Durham School of Architectural Engineering and Construction


First Advisor

Lily M. Wang

Second Advisor

Ellen Peng

Third Advisor

Erica Ryherd

Date of this Version



A Thesis presented to the faculty of The Graduate College at the University of Nebraska-Lincoln in partial fulfillment of requirements for the degree of Master of Science

Major: Architectural Engineering

Under the Supervision of Dr. Lily M. Wang

Lincoln, Nebraska, December 2023


Listening with both ears provides children with access to binaural and monaural cues that are helpful for understanding speech in competing babbles. Specifically, when the target and masker are spatially separated, children can gain an intelligibility benefit which is known as spatial release from masking (SRM). Recent work [Peng et al., 2021 JASA] suggested that school-age children demonstrated immature SRM using binaural cues that are distorted by reverberation. In this follow-up study, we further investigate the effect of reverberant distortion on individual auditory spatial cues, namely binaural and monaural head shadow cues. We compare SRM between adults and school-age children with typical hearing using the novel measure of minimum angle of separation (MAS) between target and masker for which individual achieves a 20% intelligibility gain, in both virtually simulated anechoic and reverberant environments. MAS was measured in both binaural and monaural hearing conditions, as well symmetric versus asymmetric masker displacement to probe access to various auditory cues of interest. Preliminary results show statistically significant effect on MAS when comparing binaural and monaural conditions as well as when comparing symmetric and asymmetric masking conditions. Binaural listening seems to have a positive effect on MAS. Asymmetric masking also seems to improve MAS.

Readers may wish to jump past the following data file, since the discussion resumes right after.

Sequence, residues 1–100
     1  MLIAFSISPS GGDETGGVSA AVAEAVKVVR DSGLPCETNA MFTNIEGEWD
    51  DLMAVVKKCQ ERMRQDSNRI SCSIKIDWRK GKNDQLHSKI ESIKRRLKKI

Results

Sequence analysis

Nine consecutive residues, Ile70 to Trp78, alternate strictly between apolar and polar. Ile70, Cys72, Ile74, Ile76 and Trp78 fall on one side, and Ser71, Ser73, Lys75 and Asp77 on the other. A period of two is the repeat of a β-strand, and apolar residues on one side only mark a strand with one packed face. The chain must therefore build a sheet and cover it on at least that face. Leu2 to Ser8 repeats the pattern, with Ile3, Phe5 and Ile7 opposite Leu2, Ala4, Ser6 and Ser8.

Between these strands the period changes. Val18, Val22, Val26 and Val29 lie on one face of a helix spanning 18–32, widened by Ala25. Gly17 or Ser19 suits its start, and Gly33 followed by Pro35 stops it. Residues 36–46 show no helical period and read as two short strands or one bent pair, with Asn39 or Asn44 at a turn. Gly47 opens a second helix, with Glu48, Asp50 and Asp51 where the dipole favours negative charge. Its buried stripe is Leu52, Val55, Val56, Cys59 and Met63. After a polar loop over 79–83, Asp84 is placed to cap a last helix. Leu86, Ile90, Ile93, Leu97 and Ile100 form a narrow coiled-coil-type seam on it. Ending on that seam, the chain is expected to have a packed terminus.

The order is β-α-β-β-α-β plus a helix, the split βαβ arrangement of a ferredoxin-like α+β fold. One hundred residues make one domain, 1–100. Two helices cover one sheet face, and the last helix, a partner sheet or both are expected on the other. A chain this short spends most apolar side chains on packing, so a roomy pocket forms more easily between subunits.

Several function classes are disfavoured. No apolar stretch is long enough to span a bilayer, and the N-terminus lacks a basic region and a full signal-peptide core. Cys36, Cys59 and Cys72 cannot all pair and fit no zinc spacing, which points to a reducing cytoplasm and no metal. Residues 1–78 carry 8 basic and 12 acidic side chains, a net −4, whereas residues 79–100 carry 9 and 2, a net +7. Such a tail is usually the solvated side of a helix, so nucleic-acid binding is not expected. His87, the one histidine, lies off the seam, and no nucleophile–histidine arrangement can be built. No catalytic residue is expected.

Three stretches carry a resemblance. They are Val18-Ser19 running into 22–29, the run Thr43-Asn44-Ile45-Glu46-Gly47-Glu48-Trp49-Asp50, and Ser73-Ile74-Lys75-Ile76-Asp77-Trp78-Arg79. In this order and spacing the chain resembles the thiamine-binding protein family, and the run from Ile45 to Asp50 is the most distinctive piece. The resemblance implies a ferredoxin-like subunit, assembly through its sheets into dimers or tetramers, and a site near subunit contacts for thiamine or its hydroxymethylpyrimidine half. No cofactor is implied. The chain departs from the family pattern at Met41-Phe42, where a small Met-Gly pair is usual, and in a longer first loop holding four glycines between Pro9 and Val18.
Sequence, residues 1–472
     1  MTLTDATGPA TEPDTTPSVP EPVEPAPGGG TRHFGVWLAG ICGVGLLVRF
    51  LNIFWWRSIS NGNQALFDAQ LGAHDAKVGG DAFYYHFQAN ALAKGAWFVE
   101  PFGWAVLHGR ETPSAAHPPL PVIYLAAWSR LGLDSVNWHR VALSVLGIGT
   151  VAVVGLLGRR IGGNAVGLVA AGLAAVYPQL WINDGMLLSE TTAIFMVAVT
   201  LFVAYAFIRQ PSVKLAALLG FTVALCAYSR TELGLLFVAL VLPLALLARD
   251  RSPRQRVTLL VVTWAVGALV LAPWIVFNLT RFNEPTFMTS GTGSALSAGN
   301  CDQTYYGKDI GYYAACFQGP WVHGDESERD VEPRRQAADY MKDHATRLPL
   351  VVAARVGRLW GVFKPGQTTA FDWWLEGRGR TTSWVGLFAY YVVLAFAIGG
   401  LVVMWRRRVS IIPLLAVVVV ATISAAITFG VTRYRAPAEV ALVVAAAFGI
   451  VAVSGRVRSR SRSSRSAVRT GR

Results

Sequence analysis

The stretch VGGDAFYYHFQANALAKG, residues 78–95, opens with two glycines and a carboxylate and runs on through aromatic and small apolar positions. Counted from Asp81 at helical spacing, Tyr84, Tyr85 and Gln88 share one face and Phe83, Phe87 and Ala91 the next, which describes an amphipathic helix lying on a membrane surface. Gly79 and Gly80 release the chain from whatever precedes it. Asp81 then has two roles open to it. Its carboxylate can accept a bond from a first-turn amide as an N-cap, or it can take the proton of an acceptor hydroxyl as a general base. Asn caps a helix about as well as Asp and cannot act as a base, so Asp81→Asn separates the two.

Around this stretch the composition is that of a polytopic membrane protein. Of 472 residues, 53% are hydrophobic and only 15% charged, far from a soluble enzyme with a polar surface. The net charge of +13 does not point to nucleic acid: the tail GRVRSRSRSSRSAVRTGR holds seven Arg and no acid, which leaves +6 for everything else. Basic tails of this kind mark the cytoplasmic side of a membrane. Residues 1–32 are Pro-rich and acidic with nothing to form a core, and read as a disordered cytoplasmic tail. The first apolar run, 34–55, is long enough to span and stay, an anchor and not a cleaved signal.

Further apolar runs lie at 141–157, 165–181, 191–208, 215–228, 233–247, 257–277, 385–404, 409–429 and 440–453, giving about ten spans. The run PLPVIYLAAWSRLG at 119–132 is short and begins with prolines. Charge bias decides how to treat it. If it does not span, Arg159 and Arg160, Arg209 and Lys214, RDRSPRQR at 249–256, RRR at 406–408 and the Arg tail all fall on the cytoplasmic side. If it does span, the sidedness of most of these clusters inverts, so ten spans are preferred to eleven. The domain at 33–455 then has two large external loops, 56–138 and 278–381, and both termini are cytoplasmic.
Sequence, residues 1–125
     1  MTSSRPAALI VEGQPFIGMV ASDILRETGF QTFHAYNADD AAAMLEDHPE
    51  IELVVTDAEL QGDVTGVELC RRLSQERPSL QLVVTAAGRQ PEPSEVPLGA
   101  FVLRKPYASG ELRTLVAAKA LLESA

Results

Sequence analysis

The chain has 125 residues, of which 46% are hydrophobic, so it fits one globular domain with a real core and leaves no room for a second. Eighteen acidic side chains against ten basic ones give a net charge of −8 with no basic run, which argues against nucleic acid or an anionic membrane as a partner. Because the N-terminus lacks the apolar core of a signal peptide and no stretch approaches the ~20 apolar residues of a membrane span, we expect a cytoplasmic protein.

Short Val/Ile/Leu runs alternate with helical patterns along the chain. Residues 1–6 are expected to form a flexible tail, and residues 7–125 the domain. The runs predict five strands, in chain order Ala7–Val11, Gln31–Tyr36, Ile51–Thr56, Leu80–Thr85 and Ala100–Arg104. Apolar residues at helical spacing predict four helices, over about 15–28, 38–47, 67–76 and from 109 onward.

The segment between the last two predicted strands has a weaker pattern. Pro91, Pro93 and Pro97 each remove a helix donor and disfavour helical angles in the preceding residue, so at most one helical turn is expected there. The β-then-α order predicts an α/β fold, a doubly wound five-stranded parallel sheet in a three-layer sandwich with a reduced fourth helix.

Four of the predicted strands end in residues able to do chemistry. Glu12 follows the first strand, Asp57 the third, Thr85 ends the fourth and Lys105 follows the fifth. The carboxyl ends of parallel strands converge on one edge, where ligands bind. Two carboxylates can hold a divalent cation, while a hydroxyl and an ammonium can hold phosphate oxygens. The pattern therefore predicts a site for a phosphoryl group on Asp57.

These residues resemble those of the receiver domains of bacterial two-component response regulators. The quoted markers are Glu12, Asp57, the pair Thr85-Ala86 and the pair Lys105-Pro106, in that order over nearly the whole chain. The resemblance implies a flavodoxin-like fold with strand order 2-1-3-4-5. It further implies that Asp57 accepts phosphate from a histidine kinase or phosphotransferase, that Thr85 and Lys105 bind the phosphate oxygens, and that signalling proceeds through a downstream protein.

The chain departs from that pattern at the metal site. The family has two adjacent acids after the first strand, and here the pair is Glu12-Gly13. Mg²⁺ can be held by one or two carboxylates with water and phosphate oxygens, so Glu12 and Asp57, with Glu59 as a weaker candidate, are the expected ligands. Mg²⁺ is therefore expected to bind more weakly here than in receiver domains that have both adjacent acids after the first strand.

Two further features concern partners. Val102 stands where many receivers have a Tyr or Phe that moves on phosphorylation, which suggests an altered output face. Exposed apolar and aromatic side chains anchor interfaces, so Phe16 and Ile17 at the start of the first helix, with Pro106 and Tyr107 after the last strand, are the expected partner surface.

Advisor: Lily M. Wang